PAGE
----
Saturday, December 12, 2009

Full Circle.

I distinctly recall a memory of my childhood where at the tender age of six, I had a particularly outstanding day of fishing. My brother and I were taken on a trip north into Canada by my grandfather and my father to do some fishing at a friends cabin. Along the way we toured several sites including an old stone fort. At that age, I did not know that my grandfather served in WWII and I had no idea what the fort was, so that part of the trip is a little hazy. What I do remember is the harmonica my grandfather bought me and how I played it (horribly) non-stop for most of the trip. It was enough for me to garner the nickname, "harmonica man." It probably drove everyone on the trip insane but for a six year old, it was the greatest present ever. I also vividly recall waking up early one morning, walking on some wooden planks through a swamp, and then out to the edge of a boat along an eddy in a very large river. My brother and I set up shop at the edge of the boat and dangled our legs off the edge. For the remainder of the day we set possibly a world record for number of blue gill caught.

The process resembled an assembly line. My brother and I were the bosses that reaped all the rewards while my grandfather and father were the ones that did all the work. My brother and I would drop our bobbers and worms off the edge of the boat, wait about a second for it to dip, and then lift a small blue gill over the edge where our elders would release the fish. They then dug through a large Styrofoam container for a worm, baited the hook, and untied any tangles we conjured on our lines. My brother and I happily dipped our rigs back into the water and immediately caught another blue gill. This process repeated itself non-stop for the remainder of the day. I quite possibly caught more fish that day, then any day since combined. For us, it was sheer exhilaration. For my father and grandfather it must have been beyond tedious.

Later in the trip, another memory can be recalled like it happened yesterday. We were out in the middle of the river on the boat. My push button rod and reel dangled precariously over the edge. In a momentary lapse of judgment (or sheer boredom) I lost control of the rod and it dropped into the depths of the river. My favorite rod, disappeared before my very eyes. My grandfather was angry but he didn't let it show and I was left without a rod. A year later, my grandfather went back to that cabin and when he returned home, he brought my rod back to me. He accidentally snagged the exact rod I dropped in the water a year prior. To my amazement and sheer joy, I watched him slowly clean the rod and return it to working condition. I used the rod for several years before it reached retirement.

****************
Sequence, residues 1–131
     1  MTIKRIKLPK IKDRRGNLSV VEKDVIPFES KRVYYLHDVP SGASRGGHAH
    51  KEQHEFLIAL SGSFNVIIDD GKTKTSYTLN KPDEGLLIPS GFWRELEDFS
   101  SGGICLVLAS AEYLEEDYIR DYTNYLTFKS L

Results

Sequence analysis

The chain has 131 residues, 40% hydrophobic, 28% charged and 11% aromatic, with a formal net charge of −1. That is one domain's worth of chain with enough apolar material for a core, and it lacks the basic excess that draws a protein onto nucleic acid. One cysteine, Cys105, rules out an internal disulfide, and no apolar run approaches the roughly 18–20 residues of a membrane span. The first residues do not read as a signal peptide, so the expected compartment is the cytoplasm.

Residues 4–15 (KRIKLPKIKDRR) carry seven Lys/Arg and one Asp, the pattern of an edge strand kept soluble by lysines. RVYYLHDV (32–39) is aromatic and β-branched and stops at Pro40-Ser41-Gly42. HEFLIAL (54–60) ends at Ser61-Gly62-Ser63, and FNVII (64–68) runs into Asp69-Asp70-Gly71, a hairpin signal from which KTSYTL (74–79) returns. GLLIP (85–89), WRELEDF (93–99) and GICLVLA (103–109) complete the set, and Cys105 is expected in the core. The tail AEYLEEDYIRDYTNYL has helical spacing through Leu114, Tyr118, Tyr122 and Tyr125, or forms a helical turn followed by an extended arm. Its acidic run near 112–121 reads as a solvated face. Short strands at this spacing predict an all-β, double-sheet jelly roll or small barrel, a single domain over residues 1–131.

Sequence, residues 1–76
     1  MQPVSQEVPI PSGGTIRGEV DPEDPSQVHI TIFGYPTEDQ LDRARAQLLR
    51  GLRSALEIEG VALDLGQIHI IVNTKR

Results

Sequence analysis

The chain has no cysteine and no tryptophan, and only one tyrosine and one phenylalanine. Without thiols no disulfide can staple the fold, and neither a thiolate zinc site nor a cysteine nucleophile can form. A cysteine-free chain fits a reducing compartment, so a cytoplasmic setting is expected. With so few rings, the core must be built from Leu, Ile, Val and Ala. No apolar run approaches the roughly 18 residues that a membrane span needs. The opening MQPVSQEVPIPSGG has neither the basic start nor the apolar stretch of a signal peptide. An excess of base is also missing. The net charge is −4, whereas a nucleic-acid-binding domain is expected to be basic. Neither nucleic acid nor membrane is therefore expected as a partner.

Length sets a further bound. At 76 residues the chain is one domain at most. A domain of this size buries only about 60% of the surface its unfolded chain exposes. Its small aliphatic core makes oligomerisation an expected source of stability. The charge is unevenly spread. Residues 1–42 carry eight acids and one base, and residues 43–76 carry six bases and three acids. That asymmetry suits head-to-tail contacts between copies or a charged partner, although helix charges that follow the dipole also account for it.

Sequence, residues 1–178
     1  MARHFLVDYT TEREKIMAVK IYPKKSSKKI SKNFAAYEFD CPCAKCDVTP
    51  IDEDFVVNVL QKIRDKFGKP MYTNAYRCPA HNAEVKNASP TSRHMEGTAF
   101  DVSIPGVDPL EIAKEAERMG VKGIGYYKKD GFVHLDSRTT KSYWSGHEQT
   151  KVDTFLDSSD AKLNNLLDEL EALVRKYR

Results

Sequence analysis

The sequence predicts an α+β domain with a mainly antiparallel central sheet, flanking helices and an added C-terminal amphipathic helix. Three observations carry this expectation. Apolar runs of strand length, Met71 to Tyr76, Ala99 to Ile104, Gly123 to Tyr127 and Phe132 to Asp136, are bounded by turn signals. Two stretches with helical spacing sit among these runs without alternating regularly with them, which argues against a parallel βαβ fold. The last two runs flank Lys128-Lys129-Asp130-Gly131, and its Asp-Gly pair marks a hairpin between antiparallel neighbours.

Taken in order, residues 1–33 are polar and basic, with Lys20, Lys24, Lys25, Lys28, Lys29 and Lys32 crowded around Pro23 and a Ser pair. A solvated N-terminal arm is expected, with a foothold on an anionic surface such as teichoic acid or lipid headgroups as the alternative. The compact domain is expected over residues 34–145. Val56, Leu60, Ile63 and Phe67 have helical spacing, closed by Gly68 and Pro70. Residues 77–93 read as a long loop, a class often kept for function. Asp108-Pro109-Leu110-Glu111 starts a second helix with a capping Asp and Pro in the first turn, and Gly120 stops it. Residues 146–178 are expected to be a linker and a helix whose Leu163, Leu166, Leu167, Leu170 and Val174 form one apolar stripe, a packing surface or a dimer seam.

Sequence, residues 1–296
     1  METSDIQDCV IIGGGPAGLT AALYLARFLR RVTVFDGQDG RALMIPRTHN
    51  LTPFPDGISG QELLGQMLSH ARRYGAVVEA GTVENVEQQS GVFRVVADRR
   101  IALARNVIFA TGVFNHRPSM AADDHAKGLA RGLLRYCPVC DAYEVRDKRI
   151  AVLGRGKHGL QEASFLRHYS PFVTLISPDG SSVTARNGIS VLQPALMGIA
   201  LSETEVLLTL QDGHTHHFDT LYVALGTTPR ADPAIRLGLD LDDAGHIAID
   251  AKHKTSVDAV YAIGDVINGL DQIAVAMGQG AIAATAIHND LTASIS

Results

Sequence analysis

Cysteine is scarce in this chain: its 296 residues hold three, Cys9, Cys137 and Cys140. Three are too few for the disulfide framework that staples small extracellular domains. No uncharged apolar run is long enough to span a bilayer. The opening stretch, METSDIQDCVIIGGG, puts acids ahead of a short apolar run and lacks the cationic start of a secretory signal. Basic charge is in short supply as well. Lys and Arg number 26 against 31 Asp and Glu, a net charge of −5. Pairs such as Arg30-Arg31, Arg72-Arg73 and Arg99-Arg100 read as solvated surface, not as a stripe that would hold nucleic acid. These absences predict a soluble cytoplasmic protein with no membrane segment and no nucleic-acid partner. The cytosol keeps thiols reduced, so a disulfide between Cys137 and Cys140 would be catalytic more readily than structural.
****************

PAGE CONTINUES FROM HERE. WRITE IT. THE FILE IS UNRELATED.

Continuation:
Two Fathers Looking For Their First Steel.

Big Poppa Pump Couldn't Handle Dawn To Dusk Angling.

Gil Hooks Up.

Adam Lands.

Gil's First Steelhead & One Proud Son.

Fast forward to today and the situation is now reversed. My grandfather has since passed away, but my father has taken the place of my brother and I on that boat sixteen years ago. I am the experienced fly fisherman while my father is the noob. I am taking him on a trip to Erie for steelhead and am hoping to recapture the excitement of that day in Canada in order to create a lasting memory for the both of us. I find myself on the assembly line tying flies, rigging rods, untying tangles, and instructing my father's every move. I am guiding him over rocks and ledges, telling him to be careful and watch his step. I am correcting his every cast, hoping and waiting for a take. Everything has gone full circle and we are in the midst of a steelhead trip to Erie.

Gil Hooks Up Again.

Adam The Net Man.

What It's All About.

On the morning of day three, my father and I find ourselves on our own heading out for one last shot at some steel. We reach the parking lot early and meet a crowd of anglers. The long hike to the mouth of Elk creek takes quite sometime. We are passed by several anglers too impatient to wait for my father scrambling up the muddy single-track. We arrive at the mouth to find at least twenty anglers already fishing. I notion to my father to follow me and I ease him into a spot on the edge of the crowd. I patiently rig up his rod and instruct him on the way I would like him to fish the spot. He unrolls a long roll cast to the opposite bank and immediately mends upstream. I no longer have to tell him what to do. As the rig drifts downstream, ever so slowly in the low flows, he mends to keep a dead drift. The indicator dips and he ties into a nice slab of steel. I bark out orders and make sure he follows directions. We are not going to lose this fish. Slowly he works his way up the bank and guides the steelhead onto a sandy ledge. I gently slide my hands under the fish and my father's first steelhead is successfully landed.

Big Poppa Pump Angling @ Dusk.

Launching a Rollcast To The Opposite Bank.

As he releases the fish back into the chilly waters, I am transported back to Canada and the blue gill of my youth. I finally understand why my grandfather and father were able to withstand my brother and I catching fish after fish. I understand why they were able to listen to me brutalizing a harmonica in the back of the old Mercury. It was for those small moments when my brother and I pulled a blue gill over the back of that boat. It was for the smile that would creep upon our faces from the fascination of a fish, and our ability to catch it. As I watch my father release his first steelhead, I can only hope that the memory of this fish will stay with him forever. Just like the memory of one of my first fishing excursions has remained with me. 

Doing Battle. Will This Be The One?

Big Poppa Pump's First Steelhead.

Having Gone Full Circle, A Steelhead is Released.